PhotoVoice partnered with MSPA to put cameras in the hands of children living in Afghanistan.
PQ Blackwell, Body Shop Foundation, Evan Cornish Foundation, Open Gate, Souter Charitable Trust
PhotoVoice partnered with Save the Children to put cameras in the hands of children living in Afghanistan so that they can speak out about the issues that affect their lives. Afghanistan has one the highest proportion of school-age (7-12) children in the world: about 1 in 5 Afghans is a school-age child. Theoretically, they are protected by the UN Convention on the Rights of the Child (UNCRC). Despite the UNCRC being the most widely ratified human rights treaty in history, children in Afghanistan remain vulnerable and in need of protection. Visible Rights is a project that helps children in Afghanistan identify their rights and gives them the opportunity to have their say. The project aims to give the children enough skills to use photography to communicate the reality of their lives to peers and policy makers alike.
- give the children enough skills to use photography to communicate the reality of their lives to peers and policy-maker alike
- build the voices and participation of children in the country’s communities, and
- enable our in-country partner Media Support Partnership, Afghanistan to advocate for improved rights of children in line with UNCRC.
Working in Kabul, PhotoVoice set out to enable children to have an input into the debate about what can be done to change their lives for the better. In a series of workshops 14 boys and girls (all aged 16 or under) were trained to take photographs illustrating what life in Afghanistan is really like from a young person’s perspective. In conjunction with learning about ‘rights of the child’ they were asked to choose a policy and create a series of photographs on it. The children were also taught to curate their images and chose a tight succinct collection of photographs to represent their chosen policy.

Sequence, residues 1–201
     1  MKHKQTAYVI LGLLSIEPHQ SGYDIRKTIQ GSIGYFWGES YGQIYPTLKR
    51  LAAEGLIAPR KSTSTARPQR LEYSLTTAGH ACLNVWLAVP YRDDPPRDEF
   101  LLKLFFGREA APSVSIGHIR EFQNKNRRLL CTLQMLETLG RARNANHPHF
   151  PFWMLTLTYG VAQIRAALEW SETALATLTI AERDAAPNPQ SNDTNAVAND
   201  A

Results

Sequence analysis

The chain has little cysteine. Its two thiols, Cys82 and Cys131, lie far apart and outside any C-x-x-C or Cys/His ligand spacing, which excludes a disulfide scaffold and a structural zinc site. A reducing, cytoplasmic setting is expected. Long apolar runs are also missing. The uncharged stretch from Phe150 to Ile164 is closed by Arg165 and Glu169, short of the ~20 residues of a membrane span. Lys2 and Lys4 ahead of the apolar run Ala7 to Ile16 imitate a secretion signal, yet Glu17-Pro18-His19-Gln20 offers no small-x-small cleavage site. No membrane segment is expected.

The photographs and messages produced by the young people who took part were held in 5 schools in Kabul aimed at bringing the voices of the young people to the community and encouraging public debate about the state of child rights in Afghanistan. Leaflets and posters featuring the children’s photographs and information about child rights have been widely distributed to many more schools, as well as to important government and public venues throughout Kabul. The photos will also be used by Afghan partner rganization, Media Support Partnership Afghanistan, for international online dissemination to campaign for the rights of the child and to highlight the situation in Afghanistan.
After the workshops, all the participants reported increased levels of self-confidence and communications skills.
‘I know nothing about peace. Since I have been aware of who I am there has been fighting. We can show people in our pictures that war is very bad because we lost our mothers, fathers, brothers, sisters, aunts, hands, legs, arms, heads – everything. Peace is the most important thing’ – Project Participant